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(ARCHIVE) Vol. XX No. 3, may 16-31, 2010
Preventing demolition
is not enough
(By The Editor)

How do we ensure preservation & renovation?

Bentinck’s Building when it was left abandoned by Government – laying the groundwork for a demolition order.

The past few weeks have seen considerable activity on the heritage front, all of it positive and affirmative. The Government, as mentioned in our last issue, announced on the floor of the Assembly that it would maintain heritage buildings. The High Court has ordered that the Bharat Insurance (Kardyll) Building has to be preserved. The Young Men’s Indian Association has committed to the High Court that it will not demolish Gokhale Hall. And, lastly, the Government has got together a Heritage Conservation Committee (HCC) as promised by it to the High Court. But the crux of the matter, namely the preservation and conservation of heritage buildings, has not been addressed by anyone. Will the Heritage Act that conservationists have been pressing for be merely a Prevention of Demolition Act?

A reading of the current situation suggests such an eventuality. Though the restraining of the demolition of Bharat Insurance Building is a welcome measure, the judgement has stated that: “As far as possible the building must be saved. The Chennai Metropolitan Development Authority and the Chennai Corporation, with the consultation of the HCC, shall issue directions for the protection of the building.” This does not necessarily mean taking steps to restore the building, which is an important and urgent requirement if the heritage structure is to be put to use. Past history in Chennai has shown us that whenever such a restraint is placed, be it by the High Court or otherwise, those in possession of heritage buildings simply abandon them, thereby allowing nature to take its course. The building, poorly maintained and given over to the elements, could be easily certified as worthy of demolition, as happened in the case of Bentinck’s Building (the old Collectorate).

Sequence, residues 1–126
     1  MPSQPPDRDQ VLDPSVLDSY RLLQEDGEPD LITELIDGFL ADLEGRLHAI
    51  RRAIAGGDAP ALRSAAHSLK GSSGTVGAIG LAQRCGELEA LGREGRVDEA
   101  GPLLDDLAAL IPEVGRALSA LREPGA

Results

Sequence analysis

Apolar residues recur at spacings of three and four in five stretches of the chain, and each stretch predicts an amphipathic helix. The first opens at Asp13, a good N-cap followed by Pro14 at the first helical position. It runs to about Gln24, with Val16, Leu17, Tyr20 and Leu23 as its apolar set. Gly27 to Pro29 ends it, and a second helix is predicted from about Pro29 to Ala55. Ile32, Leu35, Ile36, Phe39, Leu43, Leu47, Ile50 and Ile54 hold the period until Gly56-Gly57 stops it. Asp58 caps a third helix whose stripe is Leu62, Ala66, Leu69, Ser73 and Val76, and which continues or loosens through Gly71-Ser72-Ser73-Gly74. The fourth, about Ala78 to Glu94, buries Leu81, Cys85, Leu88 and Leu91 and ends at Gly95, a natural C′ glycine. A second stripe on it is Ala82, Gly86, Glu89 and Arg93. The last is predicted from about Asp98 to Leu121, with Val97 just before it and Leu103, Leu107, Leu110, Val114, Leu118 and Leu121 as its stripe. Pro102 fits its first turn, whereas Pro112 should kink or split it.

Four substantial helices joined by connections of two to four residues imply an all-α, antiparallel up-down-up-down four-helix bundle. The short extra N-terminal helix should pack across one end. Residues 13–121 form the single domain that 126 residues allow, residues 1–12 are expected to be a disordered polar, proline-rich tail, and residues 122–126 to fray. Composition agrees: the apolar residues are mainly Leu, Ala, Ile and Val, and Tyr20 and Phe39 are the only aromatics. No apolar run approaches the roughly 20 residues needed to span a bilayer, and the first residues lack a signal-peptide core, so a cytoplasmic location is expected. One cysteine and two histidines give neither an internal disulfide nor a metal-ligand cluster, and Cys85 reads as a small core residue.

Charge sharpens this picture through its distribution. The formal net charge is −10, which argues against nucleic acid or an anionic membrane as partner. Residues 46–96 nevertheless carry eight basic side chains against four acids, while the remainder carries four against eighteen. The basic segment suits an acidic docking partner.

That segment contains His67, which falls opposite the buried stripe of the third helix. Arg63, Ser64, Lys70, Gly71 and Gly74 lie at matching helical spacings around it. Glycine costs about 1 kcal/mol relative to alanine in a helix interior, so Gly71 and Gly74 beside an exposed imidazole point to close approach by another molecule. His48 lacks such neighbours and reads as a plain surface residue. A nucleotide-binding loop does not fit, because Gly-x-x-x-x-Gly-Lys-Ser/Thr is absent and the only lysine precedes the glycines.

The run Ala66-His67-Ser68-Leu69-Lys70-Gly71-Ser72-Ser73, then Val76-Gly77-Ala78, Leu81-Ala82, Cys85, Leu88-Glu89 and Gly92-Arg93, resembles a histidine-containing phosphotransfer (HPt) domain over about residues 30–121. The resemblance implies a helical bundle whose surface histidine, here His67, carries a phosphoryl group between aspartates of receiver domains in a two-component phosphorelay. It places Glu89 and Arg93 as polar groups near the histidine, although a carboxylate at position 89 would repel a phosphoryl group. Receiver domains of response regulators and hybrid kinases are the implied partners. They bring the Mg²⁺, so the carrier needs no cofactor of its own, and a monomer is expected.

With the latest judgement in place, focus has shifted to the Heritage Conservation Committee that the Government has put together. The Hon’ble Judges have stated that the Committee has to recommend to the Government steps to notify buildings listed by it as heritage buildings and, within three months, cause notices to be issued to the concerned, especially the private owners, in respect of buildings listed by the Committee so that there is no threat of demolition or destruction or alteration to such buildings. It is reliably learnt that the Committee has been asked to base its listing of buildings on the report filed by the Justice E. Padmanabhan Committee when it was studying the problem of outdoor advertisement hoardings.

Following this, the State Government has come out with the list of members of the Committee. But the composition of that list does not give much confidence. Barring one member from INTACH, the rest are all functionaries in various Government departments or institutions. Experience has shown that such committees dominated by bureaucrats usually toe the Government line when it comes to any decision. A few more independent observers, particularly those with conservation expertise and a sense of history, would have lent greater credibility to the Committee.

Be that as it may, much depends on how soon and how often the Committee will meet and the speed with which it can produce the much-awaited list of heritage buildings and, more importantly, what are the guidelines for maintaining, preserving and restoring them. It also has to address the problem of compensating/rewarding private parties who are in possession of heritage buildings but do not have the wherewithal to maintain or restore them. Several may even be wanting to avail of transfer of developmental rights.

The Court has asked the State Government to issue rules to prevent persons from undertaking any repair even under the name of renovation of heritage buildings without seeking the necessary approval of the Committee. While this will prevent any further demolitions, in the absence of guidelines, there will be no repair or maintenance work either. And that is another way to lose our heritage.


In this issue

Preventing demolition is not enough
Does ‘T’Nagarisation’ of Mylapore lie ahead?
A user’s view of Connemara Library
Museum, Library and Theatre
Historic Residences of Chennai - 42
Other stories

Our Regulars

Short 'N' Snappy
Our Readers Write
Quizzin' with Ram'nan
Dates for your Diary


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